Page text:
So what might replace indoor shopping malls? Well, isn’t it obvious? Say hello to outdoor mega-shopping villages based on the Disney model, where shoppers are called “guests” and the whole experience is carefully controlled, right down to the faux quaint architecture and village-like layout. Says one leading developer, “We’re in the entertainment business. You step on the property in the morning, it’s got to be perfect.”

Lessons from Stephen King and Valley of the Dolls: A college student named Matthew Kahn is reading 94 bestselling books from the past century (1913-2013) and blogging about what he’s learning re: the evolving nature and status of popular fiction and its audience.

A brief history of “Choose Your Own Adventure” (and oh, did I love those books when I was in junior high): “Nearly 35 years after its debut, ‘Choose Your Own Adventure’ remains a publishing landmark.”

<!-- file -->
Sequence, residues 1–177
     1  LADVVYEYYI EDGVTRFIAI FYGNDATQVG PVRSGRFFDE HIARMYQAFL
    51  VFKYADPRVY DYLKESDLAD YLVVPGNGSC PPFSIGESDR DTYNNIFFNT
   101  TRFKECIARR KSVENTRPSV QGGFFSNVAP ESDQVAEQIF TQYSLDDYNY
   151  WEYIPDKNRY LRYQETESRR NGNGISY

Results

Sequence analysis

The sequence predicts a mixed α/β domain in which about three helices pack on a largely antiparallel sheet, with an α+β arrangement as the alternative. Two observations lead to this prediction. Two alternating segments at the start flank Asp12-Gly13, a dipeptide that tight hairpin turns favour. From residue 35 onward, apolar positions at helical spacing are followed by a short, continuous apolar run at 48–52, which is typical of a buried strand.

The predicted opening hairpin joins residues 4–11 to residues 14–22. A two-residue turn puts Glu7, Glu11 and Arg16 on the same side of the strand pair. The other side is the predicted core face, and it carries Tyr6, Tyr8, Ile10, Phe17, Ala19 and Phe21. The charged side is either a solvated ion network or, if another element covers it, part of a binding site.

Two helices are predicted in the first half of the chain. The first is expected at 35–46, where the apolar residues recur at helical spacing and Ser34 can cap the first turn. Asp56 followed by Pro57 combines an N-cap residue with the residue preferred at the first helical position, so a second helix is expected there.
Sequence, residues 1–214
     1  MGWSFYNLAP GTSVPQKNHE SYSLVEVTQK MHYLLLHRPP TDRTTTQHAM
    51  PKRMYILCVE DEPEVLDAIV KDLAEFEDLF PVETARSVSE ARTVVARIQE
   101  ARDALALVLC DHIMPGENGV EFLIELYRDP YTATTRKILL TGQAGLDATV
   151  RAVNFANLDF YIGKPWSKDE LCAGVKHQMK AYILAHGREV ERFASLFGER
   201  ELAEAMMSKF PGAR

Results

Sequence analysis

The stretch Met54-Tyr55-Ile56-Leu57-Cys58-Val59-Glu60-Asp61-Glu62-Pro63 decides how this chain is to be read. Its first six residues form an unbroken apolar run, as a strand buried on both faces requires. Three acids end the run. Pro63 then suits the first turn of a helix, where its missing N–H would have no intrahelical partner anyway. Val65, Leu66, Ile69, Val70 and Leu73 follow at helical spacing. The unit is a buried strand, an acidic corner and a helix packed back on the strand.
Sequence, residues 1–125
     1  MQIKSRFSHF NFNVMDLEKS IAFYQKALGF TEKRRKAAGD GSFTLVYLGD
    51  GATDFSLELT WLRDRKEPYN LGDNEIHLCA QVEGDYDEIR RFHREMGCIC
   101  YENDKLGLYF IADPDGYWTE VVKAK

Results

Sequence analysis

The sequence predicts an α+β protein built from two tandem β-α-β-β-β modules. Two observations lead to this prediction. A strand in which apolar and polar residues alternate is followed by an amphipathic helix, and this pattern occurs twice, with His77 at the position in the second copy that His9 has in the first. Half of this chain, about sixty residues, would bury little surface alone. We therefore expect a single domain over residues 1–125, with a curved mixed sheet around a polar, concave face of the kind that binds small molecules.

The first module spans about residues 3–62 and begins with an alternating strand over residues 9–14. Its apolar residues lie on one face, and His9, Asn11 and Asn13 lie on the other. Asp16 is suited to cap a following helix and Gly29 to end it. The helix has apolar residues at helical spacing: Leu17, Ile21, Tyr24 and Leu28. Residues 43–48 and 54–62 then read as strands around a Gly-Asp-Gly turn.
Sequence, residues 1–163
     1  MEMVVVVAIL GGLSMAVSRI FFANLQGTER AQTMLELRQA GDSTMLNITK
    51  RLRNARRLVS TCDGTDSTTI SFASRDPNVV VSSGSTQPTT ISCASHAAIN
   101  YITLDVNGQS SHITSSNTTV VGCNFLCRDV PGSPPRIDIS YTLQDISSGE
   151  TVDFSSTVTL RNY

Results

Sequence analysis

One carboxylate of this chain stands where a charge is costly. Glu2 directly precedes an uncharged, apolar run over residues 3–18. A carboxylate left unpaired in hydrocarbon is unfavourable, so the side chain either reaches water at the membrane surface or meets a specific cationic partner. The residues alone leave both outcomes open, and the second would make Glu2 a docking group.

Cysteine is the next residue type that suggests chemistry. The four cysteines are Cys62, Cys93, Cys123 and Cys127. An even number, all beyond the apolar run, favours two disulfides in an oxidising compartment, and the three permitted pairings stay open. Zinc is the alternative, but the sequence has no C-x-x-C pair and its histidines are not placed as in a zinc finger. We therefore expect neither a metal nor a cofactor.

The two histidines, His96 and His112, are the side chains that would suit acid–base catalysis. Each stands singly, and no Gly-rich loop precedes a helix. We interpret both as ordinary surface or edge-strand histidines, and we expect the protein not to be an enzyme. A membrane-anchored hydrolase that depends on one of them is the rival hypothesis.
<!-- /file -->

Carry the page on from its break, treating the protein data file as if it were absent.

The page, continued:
Image courtesy of Salvatore Vuono / FreeDigitalPhotos.net

Teeming Links – August 13, 2013

FireHeadImage courtesy of Salvatore Vuono / FreeDigitalPhotos.net

I invite you to peruse today’s installment of recommended and necessary reading in light of this recent reflection from Walter Kirn, who says his former personal and current authorial involvement with a certain high-profile murderer and impostor has combined synergistically with the rash of apocalyptic awfulness currently infesting global news headlines to generate the impression that we’re all living in a real-life story that’s one part Lovecraftian horror and one part dystopian science fiction:

All summer I’ve been manacled to my desk writing a book about a former friend of mine, the impostor and convicted killer known to the world and the media as Clark Rockefeller.